Theophrastus puts it elegantly in his little commentary ‘On Brotherly Love’ (as cited by Plutarch): Εἰ κοινὰ τὰ φίλων ἐστί, μάλιστα δεῖ κοινοὺς τῶν φίλων εἶναι τοὺς φίλους, that is, if things are common among friends, it certainly follows that we should be friends with the friends of our friends. It seems that Cicero attributed this proverb to Pythagoras in the first book of his On the Laws when he writes, ‘From where comes that saying, τὰ φίλων κοινὰ καὶ φιλίαν ἰσότητα, that is the communal possessions of friends and friendship/equality? Further, Timaeus (cited in Diogenes Laertius) also claims that this saying first originated with Pythagoras. Aulus Gellius, in the first book of his Attic Nights, chapter nine, claims that Pythagoras was not just the author of this proverb, but he also even brought such a spirit of community to his life and means as Christ wished to see among all Christians. For indeed, whenever anyone had been accepted into Pythagoras’ school, they would first hand over their money and familial possessions into a communal pot. That is called the κοινόβιον, that is ‘communal living’, clearly derived from the communal association of life and fortune.”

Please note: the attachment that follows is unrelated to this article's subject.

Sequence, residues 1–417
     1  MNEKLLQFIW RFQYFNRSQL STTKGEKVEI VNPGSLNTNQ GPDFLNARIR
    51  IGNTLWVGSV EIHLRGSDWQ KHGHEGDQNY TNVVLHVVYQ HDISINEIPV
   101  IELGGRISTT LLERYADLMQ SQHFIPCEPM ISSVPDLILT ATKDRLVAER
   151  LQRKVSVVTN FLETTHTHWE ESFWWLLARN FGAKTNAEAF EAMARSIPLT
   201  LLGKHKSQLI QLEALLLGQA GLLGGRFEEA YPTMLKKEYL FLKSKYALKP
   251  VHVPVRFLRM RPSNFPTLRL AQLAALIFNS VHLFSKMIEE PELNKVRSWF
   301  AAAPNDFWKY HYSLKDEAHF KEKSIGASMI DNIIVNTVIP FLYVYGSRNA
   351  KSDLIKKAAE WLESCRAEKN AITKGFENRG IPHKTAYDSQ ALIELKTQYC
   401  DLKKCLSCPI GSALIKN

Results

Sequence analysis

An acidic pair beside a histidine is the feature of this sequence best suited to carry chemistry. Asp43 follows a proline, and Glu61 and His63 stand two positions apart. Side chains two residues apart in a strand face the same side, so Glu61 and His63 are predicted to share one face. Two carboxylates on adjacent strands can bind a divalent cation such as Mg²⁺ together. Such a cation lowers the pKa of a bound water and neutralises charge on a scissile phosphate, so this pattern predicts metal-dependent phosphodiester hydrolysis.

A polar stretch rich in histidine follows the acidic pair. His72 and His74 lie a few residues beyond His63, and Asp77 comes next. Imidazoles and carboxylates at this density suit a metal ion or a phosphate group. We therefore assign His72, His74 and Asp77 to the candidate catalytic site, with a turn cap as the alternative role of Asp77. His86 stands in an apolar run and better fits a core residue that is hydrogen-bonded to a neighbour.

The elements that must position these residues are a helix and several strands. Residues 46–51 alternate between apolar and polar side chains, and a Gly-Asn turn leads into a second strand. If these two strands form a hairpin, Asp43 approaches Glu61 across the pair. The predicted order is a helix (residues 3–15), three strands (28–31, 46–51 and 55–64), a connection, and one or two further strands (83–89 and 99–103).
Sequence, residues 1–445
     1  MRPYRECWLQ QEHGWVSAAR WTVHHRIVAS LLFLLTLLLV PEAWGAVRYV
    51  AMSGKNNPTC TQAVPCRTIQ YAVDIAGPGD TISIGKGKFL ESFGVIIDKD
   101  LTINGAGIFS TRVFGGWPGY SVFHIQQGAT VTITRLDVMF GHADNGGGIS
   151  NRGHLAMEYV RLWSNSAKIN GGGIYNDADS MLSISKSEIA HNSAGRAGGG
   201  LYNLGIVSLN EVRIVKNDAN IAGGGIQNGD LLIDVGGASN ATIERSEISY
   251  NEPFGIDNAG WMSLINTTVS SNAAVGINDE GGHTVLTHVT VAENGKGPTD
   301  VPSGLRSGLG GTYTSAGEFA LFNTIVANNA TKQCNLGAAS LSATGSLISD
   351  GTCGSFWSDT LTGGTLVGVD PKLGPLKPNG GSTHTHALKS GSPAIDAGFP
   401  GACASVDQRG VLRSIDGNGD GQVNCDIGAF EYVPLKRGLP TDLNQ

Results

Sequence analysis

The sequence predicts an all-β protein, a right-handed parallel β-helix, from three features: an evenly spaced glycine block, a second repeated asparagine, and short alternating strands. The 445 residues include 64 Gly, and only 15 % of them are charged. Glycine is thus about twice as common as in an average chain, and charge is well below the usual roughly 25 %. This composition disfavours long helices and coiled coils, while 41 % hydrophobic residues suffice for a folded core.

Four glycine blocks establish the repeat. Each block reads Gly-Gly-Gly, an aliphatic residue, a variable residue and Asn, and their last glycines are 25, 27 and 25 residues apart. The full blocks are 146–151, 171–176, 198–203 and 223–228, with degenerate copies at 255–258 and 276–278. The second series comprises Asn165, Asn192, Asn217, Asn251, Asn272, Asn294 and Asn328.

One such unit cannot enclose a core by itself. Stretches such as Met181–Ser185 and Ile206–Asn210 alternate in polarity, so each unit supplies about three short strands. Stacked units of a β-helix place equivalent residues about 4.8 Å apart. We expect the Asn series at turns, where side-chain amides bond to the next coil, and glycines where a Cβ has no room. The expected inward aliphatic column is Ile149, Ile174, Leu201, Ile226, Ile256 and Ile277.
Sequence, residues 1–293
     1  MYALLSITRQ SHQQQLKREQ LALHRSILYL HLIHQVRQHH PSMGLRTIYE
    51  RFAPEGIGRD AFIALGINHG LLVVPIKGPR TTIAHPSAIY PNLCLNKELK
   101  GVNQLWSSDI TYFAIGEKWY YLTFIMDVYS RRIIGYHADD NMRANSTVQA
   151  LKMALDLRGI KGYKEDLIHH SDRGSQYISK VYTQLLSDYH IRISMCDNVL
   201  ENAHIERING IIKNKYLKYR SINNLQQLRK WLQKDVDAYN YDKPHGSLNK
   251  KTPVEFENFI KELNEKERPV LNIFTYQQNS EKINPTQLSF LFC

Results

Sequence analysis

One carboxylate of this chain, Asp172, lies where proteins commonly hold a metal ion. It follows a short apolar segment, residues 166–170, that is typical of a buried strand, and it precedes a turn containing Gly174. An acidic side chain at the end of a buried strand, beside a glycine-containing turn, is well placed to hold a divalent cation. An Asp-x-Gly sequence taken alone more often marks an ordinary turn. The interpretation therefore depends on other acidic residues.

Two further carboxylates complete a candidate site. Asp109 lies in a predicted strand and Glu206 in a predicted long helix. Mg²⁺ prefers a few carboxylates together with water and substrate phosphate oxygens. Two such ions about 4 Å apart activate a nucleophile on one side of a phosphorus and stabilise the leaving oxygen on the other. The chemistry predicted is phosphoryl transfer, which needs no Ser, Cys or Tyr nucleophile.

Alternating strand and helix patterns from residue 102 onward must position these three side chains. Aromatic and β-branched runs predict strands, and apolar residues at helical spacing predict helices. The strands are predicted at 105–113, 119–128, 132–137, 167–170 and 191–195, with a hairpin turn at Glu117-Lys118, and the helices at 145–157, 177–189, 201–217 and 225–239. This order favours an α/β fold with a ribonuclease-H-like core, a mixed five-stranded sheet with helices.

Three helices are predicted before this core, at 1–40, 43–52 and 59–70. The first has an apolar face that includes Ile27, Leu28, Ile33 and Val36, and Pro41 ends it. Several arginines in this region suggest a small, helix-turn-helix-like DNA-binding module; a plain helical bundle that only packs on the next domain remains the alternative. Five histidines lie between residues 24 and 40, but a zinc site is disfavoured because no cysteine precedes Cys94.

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Amicorum communia omnia.i

 

Τὰ τῶν φίλων κοινά, id est Amicorum communia sunt omnia. Quoniam non aliud hoc proverbio neque salubrius neque celebratius, libuit hinc adagiorum recensionem velut omine felici auspicari. Quod quidem si tam esset fixum in hominum animis, quam nulli non est in ore, profecto maxima malorum parte vita nostra levaretur. Ex hoc proverbio Socrates colligebat omnia bonorum esse virorum non secus quam deorum. Deorum, inquit, sunt omnia. Boni viri deorum sunt amici, et amicorum inter se communia sunt omnia. Bonorum igitur virorum sunt omnia. Refertur apud Euripidem in Oreste :